Unfortunately, it will probably take 3-5 years for PFA to be available for most A-Fib patients.

Reference for this report
Reddy, V. et al. Lesion Durability and Safety Outcomes of Pulsed Field Ablation in > 100 Paroxysmal Atrial Fibrillation Patients. AF Symposium 2020 brochure, Abstract AFS2020-19, p. 44. Ichan School of Medicine at Mount Sinai.

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2020 AF Symposium Abstract: Using MRI to Check Pulsed Field Ablations (PFA)

2020 AF Symposium Abstract

Using MRI to Check Pulsed Field Ablations (PFA)

by Steve S. Ryan

Background: Pulsed Field Ablation (PFA) is a new treatment for Atrial Fibrillation with some unique features. First, the ablations are tissue-specific, only affecting heart tissue and not the surrounding organs. Second, instead of direct contact to make lesions, as with RF ablation, all that’s necessary is proximity to the targeted tissue to make the ablation.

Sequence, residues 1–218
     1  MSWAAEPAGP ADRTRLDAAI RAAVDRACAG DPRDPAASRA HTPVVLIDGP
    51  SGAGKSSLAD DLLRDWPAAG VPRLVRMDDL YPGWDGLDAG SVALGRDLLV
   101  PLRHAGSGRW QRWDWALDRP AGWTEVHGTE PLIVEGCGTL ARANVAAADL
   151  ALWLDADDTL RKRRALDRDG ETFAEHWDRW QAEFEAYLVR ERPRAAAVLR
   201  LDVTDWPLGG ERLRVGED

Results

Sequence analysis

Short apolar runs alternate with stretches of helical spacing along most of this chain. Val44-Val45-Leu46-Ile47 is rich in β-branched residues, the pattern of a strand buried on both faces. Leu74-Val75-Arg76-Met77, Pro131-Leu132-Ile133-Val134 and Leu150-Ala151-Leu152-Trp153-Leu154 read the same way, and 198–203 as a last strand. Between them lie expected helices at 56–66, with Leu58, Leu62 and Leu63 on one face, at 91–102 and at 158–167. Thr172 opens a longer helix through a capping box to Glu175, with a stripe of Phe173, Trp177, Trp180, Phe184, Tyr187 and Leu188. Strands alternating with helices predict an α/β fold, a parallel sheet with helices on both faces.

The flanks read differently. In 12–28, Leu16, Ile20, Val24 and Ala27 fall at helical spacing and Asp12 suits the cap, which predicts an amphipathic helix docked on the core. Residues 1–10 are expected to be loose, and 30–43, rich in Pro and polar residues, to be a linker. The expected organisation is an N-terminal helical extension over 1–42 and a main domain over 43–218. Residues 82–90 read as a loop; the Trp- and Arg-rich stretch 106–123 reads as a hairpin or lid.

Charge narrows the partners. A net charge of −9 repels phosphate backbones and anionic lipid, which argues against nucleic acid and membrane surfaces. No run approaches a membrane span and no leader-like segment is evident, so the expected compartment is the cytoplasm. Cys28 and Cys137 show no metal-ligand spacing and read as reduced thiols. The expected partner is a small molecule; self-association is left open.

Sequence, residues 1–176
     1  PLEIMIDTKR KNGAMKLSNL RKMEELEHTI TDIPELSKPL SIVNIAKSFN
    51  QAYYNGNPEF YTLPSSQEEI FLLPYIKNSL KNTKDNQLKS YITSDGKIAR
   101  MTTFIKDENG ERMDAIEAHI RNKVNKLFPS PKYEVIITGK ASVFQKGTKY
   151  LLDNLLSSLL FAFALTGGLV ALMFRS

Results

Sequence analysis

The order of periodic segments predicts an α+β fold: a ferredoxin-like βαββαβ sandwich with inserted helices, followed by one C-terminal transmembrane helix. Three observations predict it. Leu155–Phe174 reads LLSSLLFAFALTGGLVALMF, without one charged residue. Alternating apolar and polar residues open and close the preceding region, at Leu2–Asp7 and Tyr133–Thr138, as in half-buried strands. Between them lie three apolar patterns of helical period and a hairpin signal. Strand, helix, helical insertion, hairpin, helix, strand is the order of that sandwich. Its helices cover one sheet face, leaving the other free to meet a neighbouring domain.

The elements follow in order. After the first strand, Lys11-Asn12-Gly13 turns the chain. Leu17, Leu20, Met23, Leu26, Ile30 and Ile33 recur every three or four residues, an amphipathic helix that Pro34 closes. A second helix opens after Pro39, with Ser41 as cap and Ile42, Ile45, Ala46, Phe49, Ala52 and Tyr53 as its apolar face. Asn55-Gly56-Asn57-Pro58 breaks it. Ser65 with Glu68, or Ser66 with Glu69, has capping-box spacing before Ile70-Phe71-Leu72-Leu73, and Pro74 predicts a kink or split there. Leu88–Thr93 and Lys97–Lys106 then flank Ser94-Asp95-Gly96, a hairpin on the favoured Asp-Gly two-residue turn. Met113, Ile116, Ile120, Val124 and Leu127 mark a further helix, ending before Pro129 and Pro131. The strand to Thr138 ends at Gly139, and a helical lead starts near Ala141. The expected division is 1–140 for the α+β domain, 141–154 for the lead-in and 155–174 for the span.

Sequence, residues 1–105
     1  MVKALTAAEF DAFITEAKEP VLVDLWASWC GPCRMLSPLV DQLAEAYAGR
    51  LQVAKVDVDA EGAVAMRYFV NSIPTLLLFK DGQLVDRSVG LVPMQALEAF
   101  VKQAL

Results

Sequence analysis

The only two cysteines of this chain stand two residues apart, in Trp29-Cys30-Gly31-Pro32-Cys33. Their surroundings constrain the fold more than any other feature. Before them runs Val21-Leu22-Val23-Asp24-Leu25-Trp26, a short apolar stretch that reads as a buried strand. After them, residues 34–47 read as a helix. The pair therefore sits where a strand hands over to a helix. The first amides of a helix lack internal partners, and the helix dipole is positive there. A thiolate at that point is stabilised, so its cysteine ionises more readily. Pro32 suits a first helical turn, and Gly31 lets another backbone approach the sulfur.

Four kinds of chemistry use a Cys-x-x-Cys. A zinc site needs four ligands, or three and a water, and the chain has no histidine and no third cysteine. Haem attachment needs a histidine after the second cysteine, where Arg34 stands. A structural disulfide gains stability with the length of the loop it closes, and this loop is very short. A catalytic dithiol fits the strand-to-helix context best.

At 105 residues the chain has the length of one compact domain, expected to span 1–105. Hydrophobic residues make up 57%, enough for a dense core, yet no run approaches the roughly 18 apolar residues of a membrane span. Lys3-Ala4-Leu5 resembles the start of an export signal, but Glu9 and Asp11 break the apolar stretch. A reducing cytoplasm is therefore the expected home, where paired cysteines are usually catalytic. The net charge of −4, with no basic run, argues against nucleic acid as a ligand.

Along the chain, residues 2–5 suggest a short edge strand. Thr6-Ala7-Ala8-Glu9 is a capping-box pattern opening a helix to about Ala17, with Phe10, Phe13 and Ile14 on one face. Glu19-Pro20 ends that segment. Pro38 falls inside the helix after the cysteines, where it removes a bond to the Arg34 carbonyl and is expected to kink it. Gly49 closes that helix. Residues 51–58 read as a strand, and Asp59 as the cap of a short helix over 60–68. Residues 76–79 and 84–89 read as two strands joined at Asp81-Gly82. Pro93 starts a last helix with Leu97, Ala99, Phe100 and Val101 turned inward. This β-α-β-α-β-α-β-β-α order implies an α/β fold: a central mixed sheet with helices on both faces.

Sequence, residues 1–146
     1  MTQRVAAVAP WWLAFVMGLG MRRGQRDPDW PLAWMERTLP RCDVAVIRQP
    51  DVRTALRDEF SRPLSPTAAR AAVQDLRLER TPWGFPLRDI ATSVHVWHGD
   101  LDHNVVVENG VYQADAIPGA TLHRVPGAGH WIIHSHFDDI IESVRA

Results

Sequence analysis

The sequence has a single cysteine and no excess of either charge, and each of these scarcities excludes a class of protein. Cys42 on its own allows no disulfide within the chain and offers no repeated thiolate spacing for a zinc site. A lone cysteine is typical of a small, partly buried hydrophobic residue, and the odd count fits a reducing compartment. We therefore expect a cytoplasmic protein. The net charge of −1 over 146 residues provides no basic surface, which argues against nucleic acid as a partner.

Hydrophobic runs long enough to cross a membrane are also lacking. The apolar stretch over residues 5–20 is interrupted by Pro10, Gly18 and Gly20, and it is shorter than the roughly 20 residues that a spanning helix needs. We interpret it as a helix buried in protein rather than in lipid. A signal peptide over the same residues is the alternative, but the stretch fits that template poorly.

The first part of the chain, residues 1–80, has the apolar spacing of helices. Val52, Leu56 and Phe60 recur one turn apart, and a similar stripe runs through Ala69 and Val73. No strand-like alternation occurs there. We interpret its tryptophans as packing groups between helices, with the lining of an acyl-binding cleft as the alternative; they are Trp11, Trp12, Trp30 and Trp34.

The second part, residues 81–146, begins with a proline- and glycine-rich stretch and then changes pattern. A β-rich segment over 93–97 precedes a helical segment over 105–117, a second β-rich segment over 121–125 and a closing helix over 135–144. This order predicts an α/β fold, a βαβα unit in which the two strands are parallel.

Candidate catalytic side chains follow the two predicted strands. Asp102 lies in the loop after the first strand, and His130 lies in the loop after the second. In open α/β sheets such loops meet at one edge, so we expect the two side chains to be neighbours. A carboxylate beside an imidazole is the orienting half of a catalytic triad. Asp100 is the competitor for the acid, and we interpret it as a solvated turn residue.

Pierre Jaïs, MD, The Bordeaux Group

In a remarkable statement that would strike terror in the heart of most Electrophysiologists (EPs), the French Bordeaux group stated about Pulsed Field Ablations:

Measures to alter lesion placement based on proximity of the esophagus and phrenic nerve were not taken.”

Normally, during a RF or cryo ablation, doctors move the esophagus as far away as possible from where they are ablating. In this study they took no such precautions.

Pulsed Field Ablation (PFA) study

Farapulse catheter – Five Petal Flower configuration

At this year’s AF Symposium, the French Bordeaux group presented an abstract of their study using Pulsed Field Ablation (PFA) with MRI.